That just because students are told something, does not mean they "know" it. Yes, you can tell a student that mixing vinegar and baking soda will result in a nifty chemical reaction, but that doesn't mean that the student knows that this is true. All it means is that the student knows that you said it was true. The student will know it's true upon seeing it actually demonstrated. Thus, practical experience is vitally important in the learning process.

That memorization is only part of the learning process. In addition to memorizing things, students also need to learn how to apply what they've learned in a practical manner - whether that's in solving everyday problems or coming up with new creative ideas. They also need to learn how to extrapolate reasonable inferences from what they've learned, and how to put everything they know together in synergy to get even better at problem-solving and creating new ideas.

That "succeed or die trying" style "training" is not training. The whole purpose of training is to build up your students' skills, which means that you start out small and simple and work them up to harder and more complicated things as time goes on. You teach them basic moves or principles, then let them practice in a controlled, low-risk environment. As they progress, you teach them more advanced things and put them into more challenging (but still controlled) situations. To put people into an intensely difficult scenario they have absolutely no preparation for isn't going to help them learn anything; if anything, they'll be completely overwhelmed and and up freezing, hiding, or floundering and flailing about with no actual clue what it is they should be doing. What they won't do is magically pull these skills they've never been taught out of thin air in the nick of time. If anything, the ones that come out relatively unscathed probably don't have any special talent; most likely, they're the ones who simply got lucky enough to avoid getting hit or to find a good hiding spot.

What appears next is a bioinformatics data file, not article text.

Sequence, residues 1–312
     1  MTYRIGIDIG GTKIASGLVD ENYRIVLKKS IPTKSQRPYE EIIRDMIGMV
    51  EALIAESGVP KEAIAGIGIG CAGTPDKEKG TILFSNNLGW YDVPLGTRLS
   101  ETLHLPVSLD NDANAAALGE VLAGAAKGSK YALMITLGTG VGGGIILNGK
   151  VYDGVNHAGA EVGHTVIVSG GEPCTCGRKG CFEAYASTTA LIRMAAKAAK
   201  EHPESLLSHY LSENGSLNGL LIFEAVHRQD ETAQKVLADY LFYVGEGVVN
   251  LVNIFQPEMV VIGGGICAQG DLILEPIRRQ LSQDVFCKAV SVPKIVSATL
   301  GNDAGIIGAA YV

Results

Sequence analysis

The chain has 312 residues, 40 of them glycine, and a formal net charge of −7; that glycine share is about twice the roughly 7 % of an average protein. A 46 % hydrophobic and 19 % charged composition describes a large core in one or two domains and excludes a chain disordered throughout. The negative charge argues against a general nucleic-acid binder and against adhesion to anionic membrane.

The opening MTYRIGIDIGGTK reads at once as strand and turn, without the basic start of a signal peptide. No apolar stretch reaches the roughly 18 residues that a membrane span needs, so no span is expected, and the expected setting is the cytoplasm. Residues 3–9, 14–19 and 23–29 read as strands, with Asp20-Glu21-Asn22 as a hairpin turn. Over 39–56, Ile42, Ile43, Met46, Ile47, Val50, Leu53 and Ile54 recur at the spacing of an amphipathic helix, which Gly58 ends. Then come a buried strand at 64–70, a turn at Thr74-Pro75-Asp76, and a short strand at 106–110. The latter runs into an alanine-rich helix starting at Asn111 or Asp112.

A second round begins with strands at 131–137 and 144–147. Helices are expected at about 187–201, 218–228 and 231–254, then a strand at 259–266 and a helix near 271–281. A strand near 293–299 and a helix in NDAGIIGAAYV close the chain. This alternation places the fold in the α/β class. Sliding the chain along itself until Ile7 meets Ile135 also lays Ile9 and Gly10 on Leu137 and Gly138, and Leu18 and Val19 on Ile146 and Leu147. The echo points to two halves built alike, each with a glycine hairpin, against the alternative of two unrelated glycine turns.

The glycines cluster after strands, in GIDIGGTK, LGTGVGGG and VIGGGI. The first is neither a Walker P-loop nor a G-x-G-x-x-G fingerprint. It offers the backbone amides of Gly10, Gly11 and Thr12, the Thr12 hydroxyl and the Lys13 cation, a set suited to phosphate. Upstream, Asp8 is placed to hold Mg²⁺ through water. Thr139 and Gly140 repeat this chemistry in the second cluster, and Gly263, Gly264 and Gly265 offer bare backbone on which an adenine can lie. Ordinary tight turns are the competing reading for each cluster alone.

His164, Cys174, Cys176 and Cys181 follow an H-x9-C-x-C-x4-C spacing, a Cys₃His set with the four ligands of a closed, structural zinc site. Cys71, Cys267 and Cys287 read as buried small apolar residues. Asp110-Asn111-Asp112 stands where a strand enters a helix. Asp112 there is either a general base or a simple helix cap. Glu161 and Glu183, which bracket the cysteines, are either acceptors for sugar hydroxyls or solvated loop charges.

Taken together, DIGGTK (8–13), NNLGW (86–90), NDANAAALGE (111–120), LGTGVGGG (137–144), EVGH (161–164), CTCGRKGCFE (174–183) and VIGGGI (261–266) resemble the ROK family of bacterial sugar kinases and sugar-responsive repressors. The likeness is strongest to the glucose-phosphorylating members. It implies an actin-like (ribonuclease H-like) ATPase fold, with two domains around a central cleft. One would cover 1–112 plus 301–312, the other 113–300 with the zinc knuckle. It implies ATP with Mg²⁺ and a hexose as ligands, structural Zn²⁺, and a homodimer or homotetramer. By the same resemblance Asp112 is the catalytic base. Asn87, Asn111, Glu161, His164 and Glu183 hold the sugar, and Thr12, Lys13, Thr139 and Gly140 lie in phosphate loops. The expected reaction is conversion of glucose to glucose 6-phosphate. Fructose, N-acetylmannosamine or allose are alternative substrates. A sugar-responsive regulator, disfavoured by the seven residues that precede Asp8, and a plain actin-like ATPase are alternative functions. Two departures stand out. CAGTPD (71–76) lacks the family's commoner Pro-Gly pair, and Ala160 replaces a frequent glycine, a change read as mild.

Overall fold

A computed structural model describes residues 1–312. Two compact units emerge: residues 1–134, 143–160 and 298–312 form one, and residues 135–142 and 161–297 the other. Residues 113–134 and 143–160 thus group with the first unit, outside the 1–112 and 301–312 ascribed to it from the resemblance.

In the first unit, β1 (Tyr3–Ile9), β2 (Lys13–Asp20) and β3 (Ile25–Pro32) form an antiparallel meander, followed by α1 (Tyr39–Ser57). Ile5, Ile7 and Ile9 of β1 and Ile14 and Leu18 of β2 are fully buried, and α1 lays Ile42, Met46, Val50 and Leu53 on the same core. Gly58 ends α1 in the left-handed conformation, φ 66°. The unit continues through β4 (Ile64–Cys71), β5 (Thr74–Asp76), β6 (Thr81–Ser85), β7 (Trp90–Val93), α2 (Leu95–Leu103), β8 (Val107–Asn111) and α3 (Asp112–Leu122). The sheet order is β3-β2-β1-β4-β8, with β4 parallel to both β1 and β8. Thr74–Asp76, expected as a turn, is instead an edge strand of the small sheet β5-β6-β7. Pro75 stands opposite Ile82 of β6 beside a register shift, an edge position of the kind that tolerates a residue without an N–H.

That teaching trainees to be cold and callous toward each other is counterproductive. You know that trope where cadets are taught to trust absolutely no one (not even each other!) and to be ready and willing to kill each other on a dime if ordered? Well... that kind of thing is bad for team cohesiveness. If they feel like they can't trust each other at all, why should they try to cooperate? And if they aren't willing to cooperate, how will they work together when it's really important? For another thing, it's bad for morale. It makes students feel alone and isolated, and makes them afraid of each other. It's a proven fact that loneliness is bad for people mentally and physically.

That sometimes it takes practical experience to get the point across. If you simply tell someone some fact or other, this person doesn't "know" that this fact is true. All this person knows is that you said it was true. This is a very significant difference. For all this person knows, you might be lying, exaggerating, or simply have no idea what you're talking about. Thus, demonstrations and first-hand learning experiences can be crucial.

That good mentors and teachers will try to be ethically mindful. They'll try to avoid putting their pupils into needless danger, and won't do anything that ought to require consent without obtaining it. (If the students are underage, they may need to obtain it from their parents.) They also won't get into relationships with their students, even if they are of age, as doing so would create a conflict of interest and could easily lead to an abuse of power.

That "trained from early childhood" or similar scenarios should most likely include a well-rounded education. If not, you're going to end up with someone who is good at exactly one thing, but will lack basic skills to function on a day-to-day basis. Let's take a knight, for example. In addition to learning skills such as combat and horsemanship, the knight-in-training might also be learning court etiquette, geography, politics, religion, and so on.